It’s been said that your family knows how to push your buttons because they’re the ones who put them there.
For most people, our closest relationships are with our family: our parents, spouses or partners, and kids (remember, not everyone has a close relationship with their parents or direct relatives).
Even in cases where we do have a close relationship, quite often there can be ongoing and / or underlying tension.
Parents, children and differences of opinion
Despite the unique bond that exists between a parent and a child, there may still be a ‘gap’ or a misunderstanding, or even outright disagreements. So why do so many of us not see eye-to-eye with our parents?
Is it that we are so close that we instinctively know where ‘not to go’ when it comes to certain topics of conversation? For example, not discussing child raising or career?
Could it be the opposite? That is, could the fact that we are so close actually be why conversations can get heated? For example, when lack of restraint results in unwanted comments being made about raising children or careers?
Or could those differences be explained in terms of age differences, often called the ‘generation gap’?
6 tips to overcome communication differences with our parents
Poor communication – or rather, miscommunication — is the cause of much tension, distress and agreement between people. Misunderstandings can occur in any social interaction, including among family members.
It stands to reason that, no matter what the cause of the tension and misunderstanding between parents and offspring, it could usually be improved somewhat if we better our communication skills.
So how can we get better at it? How can we be more effective at communicating with our parents?
1) Don’t rush it
If you plan to see your parents (or if you feel you need to see them because you haven’t heard from or seen them in a while), don’t do it when you’re busy with something else.
They’re your parents — and they can almost certainly tell when you’re rushed. They can probably detect if you’re not listening or if you’re not “quite there” because of some distraction.
When you visit, try not to obsessively check your phone. Unless it’s urgent, whatever notification happens on your phone will still be there later.
2) Remain an adult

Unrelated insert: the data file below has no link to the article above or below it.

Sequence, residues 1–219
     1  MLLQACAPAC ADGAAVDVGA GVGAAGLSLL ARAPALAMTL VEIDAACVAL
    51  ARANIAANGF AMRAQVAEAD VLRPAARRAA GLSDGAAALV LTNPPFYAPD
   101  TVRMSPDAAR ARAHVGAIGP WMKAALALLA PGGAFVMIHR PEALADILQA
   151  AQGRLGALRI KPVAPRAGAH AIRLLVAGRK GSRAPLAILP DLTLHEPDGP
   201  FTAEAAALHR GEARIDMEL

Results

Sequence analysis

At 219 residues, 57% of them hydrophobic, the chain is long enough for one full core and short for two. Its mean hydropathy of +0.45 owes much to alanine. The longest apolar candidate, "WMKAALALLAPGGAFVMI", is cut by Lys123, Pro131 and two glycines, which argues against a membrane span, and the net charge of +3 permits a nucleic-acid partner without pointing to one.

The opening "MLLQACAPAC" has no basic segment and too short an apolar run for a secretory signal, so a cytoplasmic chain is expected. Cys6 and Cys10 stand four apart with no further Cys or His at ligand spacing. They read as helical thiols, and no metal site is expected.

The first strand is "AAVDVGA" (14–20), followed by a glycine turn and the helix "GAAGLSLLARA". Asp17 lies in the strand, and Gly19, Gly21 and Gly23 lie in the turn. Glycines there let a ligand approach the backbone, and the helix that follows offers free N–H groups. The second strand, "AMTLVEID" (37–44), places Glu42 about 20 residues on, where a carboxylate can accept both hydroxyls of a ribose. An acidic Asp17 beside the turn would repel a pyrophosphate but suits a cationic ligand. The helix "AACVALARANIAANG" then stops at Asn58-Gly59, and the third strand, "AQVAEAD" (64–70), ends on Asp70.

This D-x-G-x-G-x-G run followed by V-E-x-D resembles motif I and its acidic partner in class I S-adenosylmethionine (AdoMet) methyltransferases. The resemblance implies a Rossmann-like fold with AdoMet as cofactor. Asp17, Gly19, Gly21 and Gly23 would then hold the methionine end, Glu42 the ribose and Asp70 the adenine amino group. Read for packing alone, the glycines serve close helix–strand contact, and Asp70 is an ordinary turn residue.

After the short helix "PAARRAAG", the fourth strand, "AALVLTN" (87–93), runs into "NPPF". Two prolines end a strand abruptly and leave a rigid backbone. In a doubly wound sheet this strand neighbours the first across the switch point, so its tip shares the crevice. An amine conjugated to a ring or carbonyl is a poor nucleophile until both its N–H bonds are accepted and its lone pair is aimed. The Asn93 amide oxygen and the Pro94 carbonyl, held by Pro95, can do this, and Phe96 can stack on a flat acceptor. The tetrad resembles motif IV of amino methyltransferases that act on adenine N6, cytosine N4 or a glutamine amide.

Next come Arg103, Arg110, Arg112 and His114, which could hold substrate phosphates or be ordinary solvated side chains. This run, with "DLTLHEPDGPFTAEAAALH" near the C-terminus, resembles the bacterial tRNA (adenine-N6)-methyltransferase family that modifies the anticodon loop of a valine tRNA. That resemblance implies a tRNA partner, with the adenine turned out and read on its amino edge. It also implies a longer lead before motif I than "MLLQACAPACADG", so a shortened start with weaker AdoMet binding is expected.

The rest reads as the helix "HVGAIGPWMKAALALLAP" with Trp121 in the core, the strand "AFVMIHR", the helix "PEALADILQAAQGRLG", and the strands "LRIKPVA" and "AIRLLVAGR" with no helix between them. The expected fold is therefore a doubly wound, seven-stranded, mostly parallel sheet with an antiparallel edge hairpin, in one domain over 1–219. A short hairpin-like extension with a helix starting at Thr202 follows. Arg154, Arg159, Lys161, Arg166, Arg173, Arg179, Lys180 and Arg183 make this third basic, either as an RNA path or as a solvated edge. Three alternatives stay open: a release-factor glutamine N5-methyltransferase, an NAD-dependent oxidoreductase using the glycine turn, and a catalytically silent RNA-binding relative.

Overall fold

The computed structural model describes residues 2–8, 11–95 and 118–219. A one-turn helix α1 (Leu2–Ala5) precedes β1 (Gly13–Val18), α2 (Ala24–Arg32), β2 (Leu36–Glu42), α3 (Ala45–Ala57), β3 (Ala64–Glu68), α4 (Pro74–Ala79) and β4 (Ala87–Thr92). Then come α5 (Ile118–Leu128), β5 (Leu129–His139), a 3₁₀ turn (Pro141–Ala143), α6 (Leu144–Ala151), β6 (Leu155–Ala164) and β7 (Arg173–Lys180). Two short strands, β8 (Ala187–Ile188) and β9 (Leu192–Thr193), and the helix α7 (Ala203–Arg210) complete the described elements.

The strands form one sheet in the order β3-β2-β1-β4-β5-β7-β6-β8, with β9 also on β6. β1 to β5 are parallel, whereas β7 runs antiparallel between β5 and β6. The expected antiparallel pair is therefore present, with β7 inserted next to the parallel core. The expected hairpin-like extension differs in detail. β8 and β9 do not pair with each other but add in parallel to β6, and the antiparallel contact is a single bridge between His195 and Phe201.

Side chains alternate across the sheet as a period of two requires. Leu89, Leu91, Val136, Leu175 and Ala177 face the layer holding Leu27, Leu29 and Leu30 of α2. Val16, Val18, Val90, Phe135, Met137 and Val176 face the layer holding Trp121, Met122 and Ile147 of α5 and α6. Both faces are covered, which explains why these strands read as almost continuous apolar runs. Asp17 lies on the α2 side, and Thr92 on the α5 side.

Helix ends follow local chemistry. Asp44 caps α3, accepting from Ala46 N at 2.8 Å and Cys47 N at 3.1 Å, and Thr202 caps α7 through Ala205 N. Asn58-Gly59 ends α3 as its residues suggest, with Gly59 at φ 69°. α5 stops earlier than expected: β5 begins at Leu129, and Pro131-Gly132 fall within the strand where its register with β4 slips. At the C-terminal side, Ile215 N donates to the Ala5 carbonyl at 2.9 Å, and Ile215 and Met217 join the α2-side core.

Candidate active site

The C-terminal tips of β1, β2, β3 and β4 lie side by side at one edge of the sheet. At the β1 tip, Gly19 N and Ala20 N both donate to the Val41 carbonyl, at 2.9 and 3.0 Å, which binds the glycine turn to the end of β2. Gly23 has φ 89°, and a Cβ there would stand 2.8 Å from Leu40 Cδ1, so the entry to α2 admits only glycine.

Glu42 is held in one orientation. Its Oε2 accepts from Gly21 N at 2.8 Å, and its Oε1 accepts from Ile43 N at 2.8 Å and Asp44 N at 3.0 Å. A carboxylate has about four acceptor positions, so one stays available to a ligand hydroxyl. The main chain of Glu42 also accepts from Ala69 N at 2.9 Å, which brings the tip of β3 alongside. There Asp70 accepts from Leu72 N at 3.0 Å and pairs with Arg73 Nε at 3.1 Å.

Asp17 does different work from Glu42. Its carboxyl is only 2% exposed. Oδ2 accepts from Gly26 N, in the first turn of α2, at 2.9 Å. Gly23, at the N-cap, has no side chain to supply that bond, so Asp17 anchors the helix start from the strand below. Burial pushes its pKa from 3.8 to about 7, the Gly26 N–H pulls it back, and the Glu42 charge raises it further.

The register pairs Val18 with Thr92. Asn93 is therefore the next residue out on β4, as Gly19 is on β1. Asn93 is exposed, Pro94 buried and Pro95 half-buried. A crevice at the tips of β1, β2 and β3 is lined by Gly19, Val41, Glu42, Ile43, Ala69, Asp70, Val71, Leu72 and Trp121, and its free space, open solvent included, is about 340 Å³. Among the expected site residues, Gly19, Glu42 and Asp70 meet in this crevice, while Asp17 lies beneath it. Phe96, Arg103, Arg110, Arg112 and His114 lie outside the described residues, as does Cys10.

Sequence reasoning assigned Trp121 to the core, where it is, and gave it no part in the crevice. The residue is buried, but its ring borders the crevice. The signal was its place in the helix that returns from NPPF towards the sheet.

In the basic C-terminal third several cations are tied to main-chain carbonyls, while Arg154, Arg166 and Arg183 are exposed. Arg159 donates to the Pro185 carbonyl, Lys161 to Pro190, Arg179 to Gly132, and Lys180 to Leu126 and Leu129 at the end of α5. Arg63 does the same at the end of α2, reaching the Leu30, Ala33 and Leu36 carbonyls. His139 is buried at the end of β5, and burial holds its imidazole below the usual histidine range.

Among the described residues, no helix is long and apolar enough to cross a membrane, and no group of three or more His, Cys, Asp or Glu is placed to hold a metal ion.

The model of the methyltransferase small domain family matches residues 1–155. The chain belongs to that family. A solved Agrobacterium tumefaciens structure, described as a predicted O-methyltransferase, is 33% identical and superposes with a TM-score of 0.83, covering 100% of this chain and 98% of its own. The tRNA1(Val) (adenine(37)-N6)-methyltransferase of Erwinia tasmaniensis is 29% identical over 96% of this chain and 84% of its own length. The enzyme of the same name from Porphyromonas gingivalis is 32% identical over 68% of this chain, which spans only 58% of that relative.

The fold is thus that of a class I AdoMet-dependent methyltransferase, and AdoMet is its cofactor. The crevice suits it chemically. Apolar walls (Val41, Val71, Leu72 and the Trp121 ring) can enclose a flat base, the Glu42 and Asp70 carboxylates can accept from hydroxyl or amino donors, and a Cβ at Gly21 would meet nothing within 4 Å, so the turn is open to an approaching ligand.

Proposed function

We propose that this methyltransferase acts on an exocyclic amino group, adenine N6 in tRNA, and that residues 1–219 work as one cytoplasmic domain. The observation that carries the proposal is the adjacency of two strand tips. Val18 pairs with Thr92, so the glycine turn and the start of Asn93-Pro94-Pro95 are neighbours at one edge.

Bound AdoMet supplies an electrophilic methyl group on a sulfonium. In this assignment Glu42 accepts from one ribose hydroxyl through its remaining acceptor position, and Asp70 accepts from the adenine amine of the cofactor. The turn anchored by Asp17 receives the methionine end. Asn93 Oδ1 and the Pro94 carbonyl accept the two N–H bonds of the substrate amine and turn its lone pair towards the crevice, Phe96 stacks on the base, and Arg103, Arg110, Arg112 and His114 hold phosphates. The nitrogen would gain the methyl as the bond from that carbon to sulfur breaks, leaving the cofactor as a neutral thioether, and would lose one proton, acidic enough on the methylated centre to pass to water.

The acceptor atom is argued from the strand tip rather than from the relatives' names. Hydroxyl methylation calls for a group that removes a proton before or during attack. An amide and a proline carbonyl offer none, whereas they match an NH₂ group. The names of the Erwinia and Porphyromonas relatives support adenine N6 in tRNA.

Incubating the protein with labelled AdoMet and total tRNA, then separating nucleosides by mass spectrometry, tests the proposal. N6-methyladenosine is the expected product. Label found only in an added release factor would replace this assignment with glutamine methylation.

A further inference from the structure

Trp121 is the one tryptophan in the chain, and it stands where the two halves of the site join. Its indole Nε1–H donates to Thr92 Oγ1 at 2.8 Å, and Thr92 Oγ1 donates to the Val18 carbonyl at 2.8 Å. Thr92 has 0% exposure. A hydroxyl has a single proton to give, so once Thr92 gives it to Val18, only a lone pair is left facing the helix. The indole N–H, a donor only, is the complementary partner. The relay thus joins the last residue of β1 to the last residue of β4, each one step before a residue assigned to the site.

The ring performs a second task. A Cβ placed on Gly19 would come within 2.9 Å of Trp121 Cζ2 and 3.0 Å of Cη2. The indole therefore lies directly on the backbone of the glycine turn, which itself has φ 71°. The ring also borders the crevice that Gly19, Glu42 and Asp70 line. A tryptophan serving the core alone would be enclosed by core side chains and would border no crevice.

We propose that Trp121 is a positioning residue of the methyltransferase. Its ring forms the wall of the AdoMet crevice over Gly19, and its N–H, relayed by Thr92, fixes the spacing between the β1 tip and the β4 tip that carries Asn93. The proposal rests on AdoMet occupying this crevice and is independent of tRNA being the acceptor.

Even in our adult lives, most of us still get moments around our parents when we feel like a child.
This might occur when we feel angry or frustrated. As easy as it might be to revert back, you don’t want to become a frustrated child who doesn’t like being told what to do.
If you want to be treated as an adult, then you need to act like an adult
3) Don’t just talk about kids or work
If you’re comfortable doing it, open up about what’s going on in your life. This can give your parents a better understanding of the decisions you are making. Don’t just talk about family, childhood or work.
Some topics are ‘safe’. Sport teams, pets, food, hobbies and gardening may seem trivial but they keep the conversation moving along.
Other topics may be challenging because they could move into sensitive territory. Health, social life, plans for the future and finances are important, but in some situations these topics could cause tension.
If it is a difficult or sensitive topic, think about what you want out of the discussion before you enter into it. By bringing up or responding to a particular topic, are you likely to get your way or change their mind? If not, consider if it’s worth getting distressed or annoyed about something you very likely cannot change or control.
4) Doing what you love together
Do an activity that you know you enjoy doing. Did you cook, go fishing or kick a footy together back in the day? Is there a favourite movie that you both love — and if so, why not grab some popcorn and make an occasion out of it? Or what about lunch or dinner together? And if young children are involved, there are many activities that can fit around them.
5) Don’t get caught up with constantly checking up on their situation
When your parents get older, you may start to worry about how they’ll manage on their own. It can be tempting during a visit to want to check by inspecting the fridge for expired food or checking how clean the house is.
Try to see things from their point of view and understand that they might feel that they are being criticised. Rather than focusing on the negative, try to enjoy the time you have together.
Of course, there will also be situations where you do intervene in someone’s life. For example, if a parent is getting older. These discussions can be confronting, so one way to start is to begin with open-ended questions. For example, asking “How are you managing your medication?” or “How do you feel about driving?” will probably get you a far better response than “You need to take better care of your medication” or “You shouldn’t be driving”.
6) Set boundaries
If you feel like your parents don’t respect your choices or are passing judgment on your decisions then it may be time to set boundaries. Are unwelcome things being said about your career change or finances? Do they make sharp observations about how you’re bringing up your kids?
Be straight and make it clear which topics you won’t be discussing. Yes, you can accept your parents’ choices and beliefs, but this will give you space to build your confidence to make decisions.
Need help? You can find support services in northern Queensland or complete a self-administered K10 test for depression and anxiety. You can also join the online mental health forum to talk with like-minded people.